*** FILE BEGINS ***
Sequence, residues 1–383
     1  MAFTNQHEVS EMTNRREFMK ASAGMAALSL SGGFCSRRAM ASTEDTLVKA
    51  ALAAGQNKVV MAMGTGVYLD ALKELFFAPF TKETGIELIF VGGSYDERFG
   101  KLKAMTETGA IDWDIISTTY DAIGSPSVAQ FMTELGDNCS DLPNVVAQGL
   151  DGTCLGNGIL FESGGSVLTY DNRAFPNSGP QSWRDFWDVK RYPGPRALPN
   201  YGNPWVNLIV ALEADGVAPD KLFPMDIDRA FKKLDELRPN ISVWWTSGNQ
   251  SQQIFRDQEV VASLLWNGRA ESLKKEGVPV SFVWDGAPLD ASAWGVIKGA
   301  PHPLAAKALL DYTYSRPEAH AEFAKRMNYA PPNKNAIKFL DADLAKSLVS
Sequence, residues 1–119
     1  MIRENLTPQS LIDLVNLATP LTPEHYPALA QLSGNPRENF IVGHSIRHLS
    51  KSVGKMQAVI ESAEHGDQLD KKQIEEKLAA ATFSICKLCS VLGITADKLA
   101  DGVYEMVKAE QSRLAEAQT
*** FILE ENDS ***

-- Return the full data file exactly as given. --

Sequence, residues 1–383
     1  MAFTNQHEVS EMTNRREFMK ASAGMAALSL SGGFCSRRAM ASTEDTLVKA
    51  ALAAGQNKVV MAMGTGVYLD ALKELFFAPF TKETGIELIF VGGSYDERFG
   101  KLKAMTETGA IDWDIISTTY DAIGSPSVAQ FMTELGDNCS DLPNVVAQGL
   151  DGTCLGNGIL FESGGSVLTY DNRAFPNSGP QSWRDFWDVK RYPGPRALPN
   201  YGNPWVNLIV ALEADGVAPD KLFPMDIDRA FKKLDELRPN ISVWWTSGNQ
   251  SQQIFRDQEV VASLLWNGRA ESLKKEGVPV SFVWDGAPLD ASAWGVIKGA
   301  PHPLAAKALL DYTYSRPEAH AEFAKRMNYA PPNKNAIKFL DADLAKSLVS
Sequence, residues 1–119
     1  MIRENLTPQS LIDLVNLATP LTPEHYPALA QLSGNPRENF IVGHSIRHLS
    51  KSVGKMQAVI ESAEHGDQLD KKQIEEKLAA ATFSICKLCS VLGITADKLA
   101  DGVYEMVKAE QSRLAEAQT